Marijuana Supporters Suing Over Referendum Rejection

The campaign needed 61,123 signatures, and it turned in 99,229 signatures

The effort to get marijuana legalization on the November 2016 ballot in Maine is heading to court.

Last week, Maine's Secretary of State announced the Campaign to Regulate Marijuana Like Alcohol did not have enough valid signatures to appear on the statewide ballot. The department had thrown out about 17,000 signatures because they claimed the notary's signature on the petition did not match the one they had on file.

"This is an issue of a handwriting technicality," said David Boyer, CRMLA campaign manager.

Boyer and the campaign's lawyer, Scott Anderson of Verrill Dana, argues that any person signing his or her name hundreds of times will have slight variations in their handwriting.

"Although there is variability from signature to signature, given that these people signed different documents, we believe that they do match as much as required," said Anderson.

Boyer said the Secretary of State's department did not contact his campaign, or the notary in question, to ask about the alleged handwriting discrepancy.

“The Secretary of State’s Office did not follow procedures commonly used to ensure, in their words, the 'integrity' of the process,” Boyer said. “The law dictates that these 17,000-plus signatures be counted.”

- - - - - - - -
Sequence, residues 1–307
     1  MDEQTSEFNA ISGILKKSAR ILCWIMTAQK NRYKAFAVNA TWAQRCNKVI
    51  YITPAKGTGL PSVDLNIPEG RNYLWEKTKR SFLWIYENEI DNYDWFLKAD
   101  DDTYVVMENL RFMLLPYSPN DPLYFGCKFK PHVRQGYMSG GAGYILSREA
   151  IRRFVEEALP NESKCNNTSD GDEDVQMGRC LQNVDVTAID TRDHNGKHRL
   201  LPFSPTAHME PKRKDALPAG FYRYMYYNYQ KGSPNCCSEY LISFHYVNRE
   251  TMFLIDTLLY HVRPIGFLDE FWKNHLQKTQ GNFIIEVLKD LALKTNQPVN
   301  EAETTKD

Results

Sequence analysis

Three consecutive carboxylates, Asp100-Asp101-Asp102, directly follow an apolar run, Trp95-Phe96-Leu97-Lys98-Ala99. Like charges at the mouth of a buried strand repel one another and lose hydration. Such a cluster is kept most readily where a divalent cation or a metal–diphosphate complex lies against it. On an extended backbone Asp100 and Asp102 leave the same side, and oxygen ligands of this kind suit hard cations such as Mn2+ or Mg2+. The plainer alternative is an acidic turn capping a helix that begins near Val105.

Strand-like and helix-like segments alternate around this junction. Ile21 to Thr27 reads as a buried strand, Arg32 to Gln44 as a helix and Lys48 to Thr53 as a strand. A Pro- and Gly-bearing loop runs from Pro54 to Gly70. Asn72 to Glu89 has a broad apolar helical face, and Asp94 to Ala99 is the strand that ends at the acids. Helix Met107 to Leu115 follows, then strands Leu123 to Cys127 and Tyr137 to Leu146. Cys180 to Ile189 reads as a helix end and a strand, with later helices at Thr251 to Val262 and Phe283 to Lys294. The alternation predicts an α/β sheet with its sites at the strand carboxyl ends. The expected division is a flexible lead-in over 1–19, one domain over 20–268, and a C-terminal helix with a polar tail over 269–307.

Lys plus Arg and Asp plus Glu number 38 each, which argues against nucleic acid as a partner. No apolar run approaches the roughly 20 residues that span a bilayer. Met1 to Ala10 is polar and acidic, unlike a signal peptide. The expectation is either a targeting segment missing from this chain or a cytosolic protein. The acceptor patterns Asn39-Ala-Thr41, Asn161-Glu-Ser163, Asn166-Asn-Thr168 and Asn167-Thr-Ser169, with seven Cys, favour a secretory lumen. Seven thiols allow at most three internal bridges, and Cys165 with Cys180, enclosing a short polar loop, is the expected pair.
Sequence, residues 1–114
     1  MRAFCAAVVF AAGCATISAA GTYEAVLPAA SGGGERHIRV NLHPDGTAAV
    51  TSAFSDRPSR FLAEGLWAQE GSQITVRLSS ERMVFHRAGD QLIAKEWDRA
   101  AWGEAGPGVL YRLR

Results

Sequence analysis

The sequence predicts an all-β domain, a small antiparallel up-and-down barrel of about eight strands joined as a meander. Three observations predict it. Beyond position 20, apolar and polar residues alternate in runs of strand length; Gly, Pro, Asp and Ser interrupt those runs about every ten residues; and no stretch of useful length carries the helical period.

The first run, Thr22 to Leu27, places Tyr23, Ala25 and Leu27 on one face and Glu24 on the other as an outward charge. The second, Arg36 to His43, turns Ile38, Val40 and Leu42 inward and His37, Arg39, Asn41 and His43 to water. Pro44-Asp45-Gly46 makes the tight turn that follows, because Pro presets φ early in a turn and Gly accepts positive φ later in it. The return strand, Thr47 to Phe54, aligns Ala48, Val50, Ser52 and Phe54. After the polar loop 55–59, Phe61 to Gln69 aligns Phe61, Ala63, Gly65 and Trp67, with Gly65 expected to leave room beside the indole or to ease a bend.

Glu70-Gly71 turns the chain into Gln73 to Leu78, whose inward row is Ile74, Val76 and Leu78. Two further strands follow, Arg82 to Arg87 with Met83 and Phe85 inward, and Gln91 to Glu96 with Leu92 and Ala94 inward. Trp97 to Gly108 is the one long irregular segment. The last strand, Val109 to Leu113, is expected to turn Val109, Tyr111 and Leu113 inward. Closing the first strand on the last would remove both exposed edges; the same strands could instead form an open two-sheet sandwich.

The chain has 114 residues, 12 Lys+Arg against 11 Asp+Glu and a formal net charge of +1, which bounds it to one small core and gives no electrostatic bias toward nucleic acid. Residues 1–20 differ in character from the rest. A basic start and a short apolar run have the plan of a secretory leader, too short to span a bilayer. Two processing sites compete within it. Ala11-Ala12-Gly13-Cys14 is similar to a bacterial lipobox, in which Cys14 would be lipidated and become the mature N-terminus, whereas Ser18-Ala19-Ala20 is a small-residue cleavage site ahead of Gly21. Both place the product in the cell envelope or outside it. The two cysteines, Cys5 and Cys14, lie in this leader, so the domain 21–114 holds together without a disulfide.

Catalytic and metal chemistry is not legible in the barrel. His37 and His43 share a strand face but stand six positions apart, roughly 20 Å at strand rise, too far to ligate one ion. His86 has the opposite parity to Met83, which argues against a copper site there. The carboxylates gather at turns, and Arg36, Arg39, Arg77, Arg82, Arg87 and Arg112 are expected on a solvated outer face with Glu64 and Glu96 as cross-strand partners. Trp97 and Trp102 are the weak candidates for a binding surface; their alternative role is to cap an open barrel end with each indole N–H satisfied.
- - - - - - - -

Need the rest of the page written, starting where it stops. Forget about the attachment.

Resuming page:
The Department of the Secretary of State released the following statement:

"In undertaking the certification process, we must assure the voters of Maine that questions they are asked to decide on the ballot are grounded in the premise that the requirements of the Constitution and the law have been met. Our goal in certifying any initiative is not to disqualify signatures or any other aspect of the petitioning process; quite the opposite. It is incumbent on us to discern that each and every signature was solicited by a Maine voter, made by a Maine voter, and properly notarized.

Our petition certification process is designed to assure that every signature on the petitions was made in accordance with the law and we are confident that the Superior Court will recognize our diligence and confirm our decision."

The Superior Court has 40 days to take action in the case. That decision could be appealed to the Maine Supreme Court. The lawyer for the marijuana campaign said his is confident they will have a decision before the deadline to make it on the November 2016 ballot.

The measure would allow Maine adults to possess 2.5 ounces of marijuana and cultivate a certain number of plants. It would also allow for retail shops and social clubs. In 2014, Portland voters overwhelmingly approved marijuana legalization within city limits. The following year, South Portland approved a similar ordinance.

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